Mountains Centralia Review

Album. Released 2013.  

BBC Review

An altogether entrancing experience from the New York-based pair.

Alex Deller 2013

If the likes of Pontiak and Barn Owl conjure scorched plains and endless prairies then labelmates Mountains – the chillaxed twosome of Koen Holtkamp and Brendon Anderegg – are charting boundless ocean depths.

Centralia, their third full-length for Thrill Jockey, could easily soundtrack a deepwater Herzog-ian journey in some sort of chuntering submersible. The voyager will be greeted by shoals of goggle-eyed fish, waving fronds, elegant fan-like structures that breathe and eat through tubes and strange, lonely creatures clad in shimmering bioluminescence.

The album unfurls at a leisurely pace, the band’s characteristic blend of burbling electronica and acoustic instrumentation at its most formidable, and most satisfying, yet.

Opener Sand offers trickling melodies amid slow-building layers of ghostly oscillation before winding down with a cello’s soft lament. The brief Identical Ship follows, a ponderous acoustic guitar nodding toward John Fahey as electronic fizzlings cast faint vapour trails and near-imperceptible piano notes chime gracefully in the background.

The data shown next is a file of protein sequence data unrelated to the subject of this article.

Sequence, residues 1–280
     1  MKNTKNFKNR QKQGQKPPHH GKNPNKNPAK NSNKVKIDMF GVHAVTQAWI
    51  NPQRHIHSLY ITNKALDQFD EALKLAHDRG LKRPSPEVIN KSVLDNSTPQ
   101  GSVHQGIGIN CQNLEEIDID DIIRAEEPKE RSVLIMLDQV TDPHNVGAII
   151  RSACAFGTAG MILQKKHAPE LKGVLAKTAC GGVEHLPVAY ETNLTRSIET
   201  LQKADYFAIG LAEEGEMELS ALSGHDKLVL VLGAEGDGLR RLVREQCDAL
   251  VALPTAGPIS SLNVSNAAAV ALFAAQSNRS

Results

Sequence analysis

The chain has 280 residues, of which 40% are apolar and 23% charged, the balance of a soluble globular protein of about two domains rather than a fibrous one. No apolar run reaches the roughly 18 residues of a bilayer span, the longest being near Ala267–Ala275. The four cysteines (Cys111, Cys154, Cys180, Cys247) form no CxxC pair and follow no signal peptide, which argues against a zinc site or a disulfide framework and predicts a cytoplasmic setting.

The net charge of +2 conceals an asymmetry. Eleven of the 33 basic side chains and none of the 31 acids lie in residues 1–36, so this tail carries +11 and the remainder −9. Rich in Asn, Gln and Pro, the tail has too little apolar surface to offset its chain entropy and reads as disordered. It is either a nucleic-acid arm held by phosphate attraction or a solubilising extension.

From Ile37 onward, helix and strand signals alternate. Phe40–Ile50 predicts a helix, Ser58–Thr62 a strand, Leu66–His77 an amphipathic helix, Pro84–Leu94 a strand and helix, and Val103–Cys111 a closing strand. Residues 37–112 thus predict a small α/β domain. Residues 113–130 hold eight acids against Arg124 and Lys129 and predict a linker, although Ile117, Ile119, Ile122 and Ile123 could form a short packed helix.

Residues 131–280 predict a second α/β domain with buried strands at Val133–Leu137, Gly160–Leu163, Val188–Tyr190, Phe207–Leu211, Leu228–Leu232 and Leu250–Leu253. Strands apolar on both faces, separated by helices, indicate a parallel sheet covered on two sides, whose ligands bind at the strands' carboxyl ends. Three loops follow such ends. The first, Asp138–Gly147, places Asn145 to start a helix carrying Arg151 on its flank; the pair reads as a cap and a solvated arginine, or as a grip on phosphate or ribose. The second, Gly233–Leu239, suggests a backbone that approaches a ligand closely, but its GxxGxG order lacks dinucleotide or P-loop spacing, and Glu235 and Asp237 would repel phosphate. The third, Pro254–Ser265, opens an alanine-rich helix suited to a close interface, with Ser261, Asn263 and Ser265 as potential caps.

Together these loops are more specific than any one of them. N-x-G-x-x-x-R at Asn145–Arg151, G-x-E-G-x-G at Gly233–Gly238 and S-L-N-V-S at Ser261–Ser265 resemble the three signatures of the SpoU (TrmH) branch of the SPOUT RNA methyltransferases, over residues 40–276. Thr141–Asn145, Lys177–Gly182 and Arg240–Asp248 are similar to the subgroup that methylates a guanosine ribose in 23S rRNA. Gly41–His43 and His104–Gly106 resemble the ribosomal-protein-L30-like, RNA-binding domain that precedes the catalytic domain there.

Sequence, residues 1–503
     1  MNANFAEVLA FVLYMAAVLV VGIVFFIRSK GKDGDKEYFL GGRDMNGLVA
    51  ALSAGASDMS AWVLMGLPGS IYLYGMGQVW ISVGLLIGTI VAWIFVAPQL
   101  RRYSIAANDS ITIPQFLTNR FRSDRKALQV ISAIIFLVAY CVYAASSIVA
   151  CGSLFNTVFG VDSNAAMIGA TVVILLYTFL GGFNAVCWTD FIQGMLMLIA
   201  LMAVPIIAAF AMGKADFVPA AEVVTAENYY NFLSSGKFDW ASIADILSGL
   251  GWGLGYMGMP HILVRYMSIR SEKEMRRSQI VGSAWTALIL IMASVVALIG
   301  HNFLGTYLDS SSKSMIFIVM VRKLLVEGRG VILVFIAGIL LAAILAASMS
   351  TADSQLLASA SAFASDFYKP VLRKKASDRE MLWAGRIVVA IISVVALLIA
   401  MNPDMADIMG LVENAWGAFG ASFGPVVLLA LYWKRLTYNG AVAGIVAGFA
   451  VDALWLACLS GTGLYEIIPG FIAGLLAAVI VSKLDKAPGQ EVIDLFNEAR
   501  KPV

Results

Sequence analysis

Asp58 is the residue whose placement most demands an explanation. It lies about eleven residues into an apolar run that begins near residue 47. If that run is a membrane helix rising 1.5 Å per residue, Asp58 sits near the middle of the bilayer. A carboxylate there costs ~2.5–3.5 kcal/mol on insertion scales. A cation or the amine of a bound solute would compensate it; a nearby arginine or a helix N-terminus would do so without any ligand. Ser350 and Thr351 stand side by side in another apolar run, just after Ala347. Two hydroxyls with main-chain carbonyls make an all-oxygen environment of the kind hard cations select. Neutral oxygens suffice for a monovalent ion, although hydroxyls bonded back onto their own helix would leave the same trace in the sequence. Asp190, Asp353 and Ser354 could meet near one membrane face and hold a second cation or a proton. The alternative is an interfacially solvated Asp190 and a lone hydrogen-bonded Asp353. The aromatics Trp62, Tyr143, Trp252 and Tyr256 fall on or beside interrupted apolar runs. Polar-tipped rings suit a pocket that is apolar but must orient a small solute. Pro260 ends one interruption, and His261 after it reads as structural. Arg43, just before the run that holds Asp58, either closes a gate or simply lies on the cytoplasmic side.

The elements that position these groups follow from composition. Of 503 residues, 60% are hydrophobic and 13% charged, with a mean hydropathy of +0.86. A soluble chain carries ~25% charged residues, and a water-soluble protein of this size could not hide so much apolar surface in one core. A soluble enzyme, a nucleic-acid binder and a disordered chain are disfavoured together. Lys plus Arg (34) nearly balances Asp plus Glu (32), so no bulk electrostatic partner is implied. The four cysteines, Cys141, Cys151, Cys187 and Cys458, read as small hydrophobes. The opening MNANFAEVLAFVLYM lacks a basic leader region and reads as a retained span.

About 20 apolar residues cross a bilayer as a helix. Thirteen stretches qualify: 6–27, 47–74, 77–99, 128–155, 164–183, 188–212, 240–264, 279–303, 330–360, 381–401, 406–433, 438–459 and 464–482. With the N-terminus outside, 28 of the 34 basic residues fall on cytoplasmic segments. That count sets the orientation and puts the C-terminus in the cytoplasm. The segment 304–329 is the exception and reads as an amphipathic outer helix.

Later, Tilt expands upon this knack for mesmerizingly cyclic guitar patterns to fuller and greater effect, nestling classic, homespun Americana up against glittering modernity as though the worlds of Brian Eno and Robbie Basho had always fused at the pelvis. The 20-minute Propeller inevitably takes centre stage, a glimmering series of languid builds and undulating swooshes that were drawn from a live recording and subsequently embellished in the studio.

This live-cut-as-canvas approach is used on the subsequent Liana, its delicate filigree of chirruping synth tones, warm drones and faded fretwork giving way to the album’s only disconcerting moment: a sudden swell of nape-tingling electric noise rising craggily from the calm like something birthed up from a shift in plates beneath the ocean floor.

Living Lens closes the album on a restrained note, allowing the bliss-shrouded listener to drift safely toward the surface with enough slow control that the blood doesn’t begin to bubble. It’s an altogether entrancing experience, and one demanding repeat visits and careful attention if its sunken treasures are ever to be fully revealed.

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